The Internet

Ottawa book launch of For Sale to the Highest Bidder: Telecom Policy in Canada

Join the Canadian Centre for Policy Alternatives (CCPA) to celebrate the launch of For Sale to the Highest Bidder: Telecom Policy in Canada, edited by Marita Moll and Leslie Regan Shade.

Monday, April 7, 2008
12:00-1:30 pm
CEP offices, 301 Laurier Avenue West (Corner of Bank & Laurier)
Ottawa, ON

Lunch will be provided.
Please RSVP to Jason Moores at jason

And then there was two: Bell Canada seeks to wipe out ISP competitors

This seems to be the week when core Internet issues are being discussed. While much of it is under the phrase "Network Neutrality", that term is confusing enough that opponents are able to distract policy makers and citizens. This is why my article on Saturday focused on separating the competitive access issues from the Net Neutrality issues, and my earlier article discussed An ideal future communications infrastructure, how do we get there, and what is stopping us!.

The last few days saw Charlie Angus raise this issue during question period, and an article from CBC talking about Bell Canada going to court to seek to wipe out all ISP competitors. That is, except the cable companies who manage a separate connection to the customer premises.

Read the rest of this entry on IT World Canada's BLOG »

Separating the competitive access issues from the Net Neutrality issues.

Bell throttling wholesale providers of DSL services has further opened up the conversations around Net Neutrality. Michael Geist has written about the mounting call for action on net neutrality from organizations such as the National Union of Public and General Employees (NUPGE) and Council of Canadians. I strongly applaud and join in this call.

The throttling of wholesale traffic by Bell Canada is, however, an issue that is related but distinct. Its link to the net neutrality debate needs to be understood, as well as the ways in which it is quite different.

Read the rest of this entry on IT World Canada »

An ideal future communications infrastructure, how do we get there, and what is stopping us!

Whenever the discussion of "Net Neutrality" comes up we often get stuck with how the current network is configured, who provides it, and other historical issues. I would like to toss out that history for a moment and offer what I believe to be an ideal, talk about transition issues, as well as some of winners and losers in that transition (and thus who the greatest opponents are)

Read the rest of this entry on IT World Canada »

Telecom Ottawa sold to private provider

Well, for those fans of the "last mile" concept, here is one more dream you can say good bye to. This week, Hydro Ottawa announced that it had approved a bid to sell off its fibre-optic network to a private Internet company, Atria Networks LP.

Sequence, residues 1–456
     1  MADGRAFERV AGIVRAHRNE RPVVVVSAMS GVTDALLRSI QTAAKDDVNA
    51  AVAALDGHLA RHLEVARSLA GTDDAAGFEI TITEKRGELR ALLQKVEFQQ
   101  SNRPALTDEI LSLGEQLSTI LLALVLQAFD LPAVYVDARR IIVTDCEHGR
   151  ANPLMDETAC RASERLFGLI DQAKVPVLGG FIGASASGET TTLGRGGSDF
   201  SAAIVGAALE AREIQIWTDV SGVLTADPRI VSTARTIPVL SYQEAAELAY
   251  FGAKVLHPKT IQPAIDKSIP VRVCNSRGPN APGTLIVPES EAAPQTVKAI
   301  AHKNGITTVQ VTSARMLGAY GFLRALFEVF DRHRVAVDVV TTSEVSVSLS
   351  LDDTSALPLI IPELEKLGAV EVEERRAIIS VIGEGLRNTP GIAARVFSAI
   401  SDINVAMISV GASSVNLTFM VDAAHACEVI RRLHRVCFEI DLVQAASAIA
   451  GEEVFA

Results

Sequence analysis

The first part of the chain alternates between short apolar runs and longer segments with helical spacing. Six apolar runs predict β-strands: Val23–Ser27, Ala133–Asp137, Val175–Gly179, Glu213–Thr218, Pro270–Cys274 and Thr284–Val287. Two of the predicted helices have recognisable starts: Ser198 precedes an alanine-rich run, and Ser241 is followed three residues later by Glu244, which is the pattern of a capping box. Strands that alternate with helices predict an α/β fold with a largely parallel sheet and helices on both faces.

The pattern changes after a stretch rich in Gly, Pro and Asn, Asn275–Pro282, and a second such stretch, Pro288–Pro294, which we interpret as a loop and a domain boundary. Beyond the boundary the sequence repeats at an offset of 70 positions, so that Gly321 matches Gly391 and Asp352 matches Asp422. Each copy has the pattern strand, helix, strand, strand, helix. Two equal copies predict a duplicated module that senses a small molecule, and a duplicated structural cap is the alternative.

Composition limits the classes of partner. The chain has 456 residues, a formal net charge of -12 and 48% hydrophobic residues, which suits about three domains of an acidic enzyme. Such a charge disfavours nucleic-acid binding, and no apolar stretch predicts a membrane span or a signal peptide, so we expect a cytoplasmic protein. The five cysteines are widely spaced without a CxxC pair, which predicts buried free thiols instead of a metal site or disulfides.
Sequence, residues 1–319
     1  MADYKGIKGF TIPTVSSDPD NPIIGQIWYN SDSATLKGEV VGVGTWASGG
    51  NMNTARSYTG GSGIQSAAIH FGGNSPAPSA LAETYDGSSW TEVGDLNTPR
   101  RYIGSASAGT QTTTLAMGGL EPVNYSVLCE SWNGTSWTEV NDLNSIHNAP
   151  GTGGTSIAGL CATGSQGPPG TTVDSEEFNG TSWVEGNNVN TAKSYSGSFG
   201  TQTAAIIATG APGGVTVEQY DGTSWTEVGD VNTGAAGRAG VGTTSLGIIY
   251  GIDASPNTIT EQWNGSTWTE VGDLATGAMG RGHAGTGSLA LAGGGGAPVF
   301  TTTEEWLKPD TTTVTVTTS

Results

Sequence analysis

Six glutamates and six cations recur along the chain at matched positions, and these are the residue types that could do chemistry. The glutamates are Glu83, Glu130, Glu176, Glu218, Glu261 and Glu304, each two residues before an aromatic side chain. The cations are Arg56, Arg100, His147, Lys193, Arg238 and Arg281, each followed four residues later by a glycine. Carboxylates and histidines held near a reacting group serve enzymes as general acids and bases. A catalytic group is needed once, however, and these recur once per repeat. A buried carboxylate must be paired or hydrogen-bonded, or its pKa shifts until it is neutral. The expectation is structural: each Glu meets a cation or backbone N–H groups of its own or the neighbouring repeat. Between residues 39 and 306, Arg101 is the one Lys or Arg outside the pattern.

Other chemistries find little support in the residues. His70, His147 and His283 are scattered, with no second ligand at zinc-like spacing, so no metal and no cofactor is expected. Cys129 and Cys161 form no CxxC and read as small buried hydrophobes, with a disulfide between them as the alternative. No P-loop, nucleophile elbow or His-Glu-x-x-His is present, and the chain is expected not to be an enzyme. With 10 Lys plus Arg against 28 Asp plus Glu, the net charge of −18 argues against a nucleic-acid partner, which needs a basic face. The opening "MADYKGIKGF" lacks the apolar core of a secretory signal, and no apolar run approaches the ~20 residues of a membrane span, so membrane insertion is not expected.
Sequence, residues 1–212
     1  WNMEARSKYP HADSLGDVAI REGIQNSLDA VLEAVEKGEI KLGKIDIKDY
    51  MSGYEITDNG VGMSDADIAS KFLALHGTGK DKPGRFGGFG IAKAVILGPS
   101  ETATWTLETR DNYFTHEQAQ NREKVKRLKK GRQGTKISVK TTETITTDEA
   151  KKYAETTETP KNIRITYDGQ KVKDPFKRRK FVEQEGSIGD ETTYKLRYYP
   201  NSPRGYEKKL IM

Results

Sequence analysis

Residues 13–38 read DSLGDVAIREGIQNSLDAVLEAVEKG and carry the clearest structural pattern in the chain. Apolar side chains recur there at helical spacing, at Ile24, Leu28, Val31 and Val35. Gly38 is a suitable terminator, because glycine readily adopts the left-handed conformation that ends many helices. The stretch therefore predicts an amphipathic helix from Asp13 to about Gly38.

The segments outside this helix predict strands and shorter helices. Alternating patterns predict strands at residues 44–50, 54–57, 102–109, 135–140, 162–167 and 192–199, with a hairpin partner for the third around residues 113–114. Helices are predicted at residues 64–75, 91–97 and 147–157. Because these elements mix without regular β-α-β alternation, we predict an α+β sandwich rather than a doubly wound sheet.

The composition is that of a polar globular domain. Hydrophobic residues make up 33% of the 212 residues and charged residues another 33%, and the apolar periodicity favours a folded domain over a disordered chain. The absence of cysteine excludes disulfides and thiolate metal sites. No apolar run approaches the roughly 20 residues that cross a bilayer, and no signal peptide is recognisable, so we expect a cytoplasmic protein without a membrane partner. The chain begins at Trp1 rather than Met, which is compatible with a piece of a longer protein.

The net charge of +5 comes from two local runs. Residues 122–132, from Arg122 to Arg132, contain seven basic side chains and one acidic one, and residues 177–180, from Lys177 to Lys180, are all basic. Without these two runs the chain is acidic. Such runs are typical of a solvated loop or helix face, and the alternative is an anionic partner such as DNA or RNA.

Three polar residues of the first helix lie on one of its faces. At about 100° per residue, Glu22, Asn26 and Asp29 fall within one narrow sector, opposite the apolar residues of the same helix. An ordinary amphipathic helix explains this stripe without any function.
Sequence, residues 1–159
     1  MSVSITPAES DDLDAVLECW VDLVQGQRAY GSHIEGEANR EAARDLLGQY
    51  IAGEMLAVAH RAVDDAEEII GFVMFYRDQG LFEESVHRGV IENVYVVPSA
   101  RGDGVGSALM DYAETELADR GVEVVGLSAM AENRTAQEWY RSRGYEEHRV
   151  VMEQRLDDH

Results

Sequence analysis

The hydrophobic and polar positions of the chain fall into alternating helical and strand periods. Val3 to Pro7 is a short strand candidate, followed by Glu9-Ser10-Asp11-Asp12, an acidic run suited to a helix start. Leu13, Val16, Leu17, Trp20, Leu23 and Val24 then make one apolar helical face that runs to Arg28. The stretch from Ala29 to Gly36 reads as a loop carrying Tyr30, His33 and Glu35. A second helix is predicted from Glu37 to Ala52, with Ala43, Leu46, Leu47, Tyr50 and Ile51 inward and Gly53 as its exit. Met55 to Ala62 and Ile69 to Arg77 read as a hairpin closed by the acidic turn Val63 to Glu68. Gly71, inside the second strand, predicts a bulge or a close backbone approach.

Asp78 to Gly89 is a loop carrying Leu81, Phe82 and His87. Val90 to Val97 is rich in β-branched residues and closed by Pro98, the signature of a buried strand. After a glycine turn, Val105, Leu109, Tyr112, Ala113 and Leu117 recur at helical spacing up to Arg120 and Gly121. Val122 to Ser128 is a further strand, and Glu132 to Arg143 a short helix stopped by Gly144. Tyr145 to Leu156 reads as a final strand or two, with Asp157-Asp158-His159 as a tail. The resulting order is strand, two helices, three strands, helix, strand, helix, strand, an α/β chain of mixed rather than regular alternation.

Can virtualization help with bigger problems like climate change?

Listening to some recent talks, I noticed what seems like a conflict. Interviewed for CBC's Spark, Nicholas Carr (full interview) says we are moving to cloud computing. Also on a recent Spark show, Bill St. Arnaud explains (full interview) how the Internet causes carbon emissions, and tells us we need to move data centres closer to power and cooling. Then we have Eben Moglen, Director at the Software Freedom Law Center, talking about the technology of memory and the major problems of putting our data out on the cloud, with that data being manipulated by software which we do not control.

Read full article on IT World Canada's BLOG.

Facebook group in support of Community Access Program (CAP)

Not everyone in Canada can afford an Internet connection, and even if they use FLOSS they still need the hardware. The Community Access Program was started by Industry Canada back in 1994 to fill that gap. Unfortunately recent Liberal and Conservative governments have been decreasing funding, and there is a worry that the program may be entirely defunded.

A Facebook group was created to help coordinate responses to this. See also CAP information from Telecommunities Canada and The Canadian Research Alliance for Community Innovation and Networking (CRACIN).

Posting to the IT World Canada BLOG

I have been asked to contribute to the IT World Canada BLOG, and just finished my introductory posting.

DSL improvements at NCF

The following message from John Selwyn, the Executive Director of the National Capital FreeNet, is for people in Ottawa. I have no affiliation with the NCF other than being a long-term member (I'm aa302 , from before it launched, but had a few years I wasn't a member) and a current user of their DSL service for my second DSL connection (This site is run off a DSL connection with Storm).

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